The Alte Feste is one of the oldest buildings in Windhoek and currently serves as a fortress and museum. The cornerstone of this monument was laid in 1890, where the Alte Feste served as a military headquarters in 1915 and then as a hostel for the Windhoek High School in 1935. It was then declared as a National Monument in 1957.
The Alte Feste now houses the state museum, where the historic independence Collection, reflecting events leading up to the independence of Namibia, can be seen.
History of the Alte Feste
The building was designed by Captain Curt von François to serve as headquarters of the imperial German Schutztruppe during the German colonization of South West Africa.
The location of Windhoek, which was deserted and destroyed at that time, was chosen because the Germans felt it would serve as a buffer zone between the Nama and Herero tribes. The fort was, however, never involved in any military action.
The foundation was laid on 18 October 1890 by then Schutztruppe private Gustav Tünschel. The first section was completed in 1892, and an extension was later added in 1901. The building was redesigned multiple times during the first years until its final layout, which was only completed in 1915.
In 1904, during the Nama and Herero uprisings, European women and children of Windhoek took refuge in the fort. Once the German colonial forces secured Windhoek, a concentration camp was set up between the fort and the Tintenpalast.
The Alte Feste consisted of an inner courtyard with high walls, four towers and accommodation for the troops on the inside. Alte Feste is the oldest surviving building in the city of Windhoek, which subsequently developed around it.
In 2010, the Reiterdenkmal, Windhoek’s prominent equestrian monument and alleged symbol of German dominance in the region, was placed in front of Alte Feste. It was then removed and placed in storage on Christmas Day in 2013.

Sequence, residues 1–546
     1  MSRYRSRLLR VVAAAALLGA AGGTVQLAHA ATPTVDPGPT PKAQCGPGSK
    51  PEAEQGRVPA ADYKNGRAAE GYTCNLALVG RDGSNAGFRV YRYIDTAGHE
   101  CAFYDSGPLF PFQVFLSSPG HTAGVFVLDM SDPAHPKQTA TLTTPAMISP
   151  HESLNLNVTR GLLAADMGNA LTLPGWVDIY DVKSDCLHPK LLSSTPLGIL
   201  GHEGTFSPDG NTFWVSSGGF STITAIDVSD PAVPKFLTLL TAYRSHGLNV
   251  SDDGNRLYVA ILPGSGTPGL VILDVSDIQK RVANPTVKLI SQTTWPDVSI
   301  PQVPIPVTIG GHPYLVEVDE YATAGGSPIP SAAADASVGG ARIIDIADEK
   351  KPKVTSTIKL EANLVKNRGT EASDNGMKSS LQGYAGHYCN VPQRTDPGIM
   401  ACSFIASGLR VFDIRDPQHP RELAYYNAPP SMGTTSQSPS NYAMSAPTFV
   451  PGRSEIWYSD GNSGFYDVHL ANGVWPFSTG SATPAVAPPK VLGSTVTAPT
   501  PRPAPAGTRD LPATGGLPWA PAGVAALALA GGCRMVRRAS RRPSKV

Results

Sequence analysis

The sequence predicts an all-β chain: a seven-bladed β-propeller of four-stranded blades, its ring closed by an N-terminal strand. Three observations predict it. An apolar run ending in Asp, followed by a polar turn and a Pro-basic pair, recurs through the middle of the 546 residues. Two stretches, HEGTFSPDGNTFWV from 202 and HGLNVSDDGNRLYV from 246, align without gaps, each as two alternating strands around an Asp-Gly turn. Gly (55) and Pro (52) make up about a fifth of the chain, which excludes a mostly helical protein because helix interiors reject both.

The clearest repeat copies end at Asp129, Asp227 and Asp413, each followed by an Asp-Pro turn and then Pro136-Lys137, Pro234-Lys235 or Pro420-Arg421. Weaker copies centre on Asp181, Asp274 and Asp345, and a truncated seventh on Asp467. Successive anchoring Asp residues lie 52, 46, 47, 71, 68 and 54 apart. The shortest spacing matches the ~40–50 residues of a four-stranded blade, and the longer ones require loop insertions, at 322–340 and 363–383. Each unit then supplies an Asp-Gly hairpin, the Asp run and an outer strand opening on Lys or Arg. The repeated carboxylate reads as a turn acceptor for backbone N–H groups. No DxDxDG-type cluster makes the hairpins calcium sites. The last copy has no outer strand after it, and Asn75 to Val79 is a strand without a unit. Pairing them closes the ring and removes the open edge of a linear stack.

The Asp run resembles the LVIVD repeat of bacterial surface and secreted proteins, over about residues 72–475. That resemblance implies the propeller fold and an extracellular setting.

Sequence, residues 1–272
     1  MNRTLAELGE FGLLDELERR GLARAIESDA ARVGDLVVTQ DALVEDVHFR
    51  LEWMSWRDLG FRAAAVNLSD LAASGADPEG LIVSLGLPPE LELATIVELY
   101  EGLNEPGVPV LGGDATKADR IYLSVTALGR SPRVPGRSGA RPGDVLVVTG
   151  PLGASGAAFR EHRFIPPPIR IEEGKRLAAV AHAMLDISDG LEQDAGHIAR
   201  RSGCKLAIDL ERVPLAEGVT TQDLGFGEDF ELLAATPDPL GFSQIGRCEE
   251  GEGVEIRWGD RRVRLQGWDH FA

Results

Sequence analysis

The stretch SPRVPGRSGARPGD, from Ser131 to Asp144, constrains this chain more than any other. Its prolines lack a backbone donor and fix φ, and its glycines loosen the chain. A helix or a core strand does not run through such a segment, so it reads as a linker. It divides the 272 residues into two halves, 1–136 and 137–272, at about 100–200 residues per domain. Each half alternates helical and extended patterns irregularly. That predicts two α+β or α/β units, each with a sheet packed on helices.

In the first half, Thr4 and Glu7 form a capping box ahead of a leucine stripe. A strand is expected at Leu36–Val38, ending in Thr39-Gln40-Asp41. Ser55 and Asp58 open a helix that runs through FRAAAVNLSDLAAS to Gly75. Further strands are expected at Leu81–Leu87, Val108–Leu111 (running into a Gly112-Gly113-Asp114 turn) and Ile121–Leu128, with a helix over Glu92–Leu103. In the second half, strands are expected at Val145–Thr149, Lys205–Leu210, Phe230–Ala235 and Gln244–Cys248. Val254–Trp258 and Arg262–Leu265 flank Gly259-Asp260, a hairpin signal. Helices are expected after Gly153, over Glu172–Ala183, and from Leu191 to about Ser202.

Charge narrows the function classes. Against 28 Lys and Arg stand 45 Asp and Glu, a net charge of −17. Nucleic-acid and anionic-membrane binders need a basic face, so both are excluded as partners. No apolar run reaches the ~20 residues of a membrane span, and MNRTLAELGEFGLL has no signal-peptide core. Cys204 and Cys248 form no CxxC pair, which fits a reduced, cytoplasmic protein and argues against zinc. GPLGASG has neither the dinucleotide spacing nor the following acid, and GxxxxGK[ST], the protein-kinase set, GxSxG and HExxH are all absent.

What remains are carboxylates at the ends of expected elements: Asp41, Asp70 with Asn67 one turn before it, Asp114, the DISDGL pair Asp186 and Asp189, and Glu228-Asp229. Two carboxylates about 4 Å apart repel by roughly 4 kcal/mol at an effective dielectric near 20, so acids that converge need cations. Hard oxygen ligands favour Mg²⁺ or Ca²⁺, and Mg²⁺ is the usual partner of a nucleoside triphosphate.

The architecture of the Alte Feste
The fort is located high on a hill, overlooking the central area of Windhoek. The fort was originally rectangular-shaped, measuring 62 meters in length and 35 meters in width. The four corners were built into four towers. The two on the eastern walls were 9 meters high and the two of the western walls measured 6 meters in height.
Built on plans by German Major Curt von François, the former headquarters of the German forces now houses the National History Museum.
The collection on the events of the struggle for independence and the place of ethnic groups in history has been partly moved to the new Independence Museum building, but the other rooms dedicated to rock paintings and engravings found in Namibia remain intact and interesting.
The Alte Feste Independence Museum
The Alte Feste museum is situated on a high point overlooking the central business district of Windhoek and is well worth a visit. The exhibitions will walk you through a brief, but informative history of Namibia from the coming of the Germans in 1884, their occupation of the land, to the subsequent uprisings and struggles by Namibians for independence from colonial rule.
The national museum’s historical display centre, with exhibits from the colonial and postcolonial periods, includes numerous military items and an interesting section on Namibia’s first democratic election and important patriots of the Namibian revolution.
The Independence Memorial Museum is located on Robert Mugabe Avenue between two buildings of the German colonial period, the Christuskirche and the colonial citadel, the Alte Feste.
The museum sits on a small slope between the two structures, and according to the historian Reihard Kossler, has broken up the ensemble of German monuments in Windhoek.
The museum is open seven days a week from 09h00 – 18h00 during summer and 09h00 – 17h00 during winter, except on public holidays. No entry fee is charged, however a small donation would be appreciated.
— Innocentia Ranyaoa, Fizzin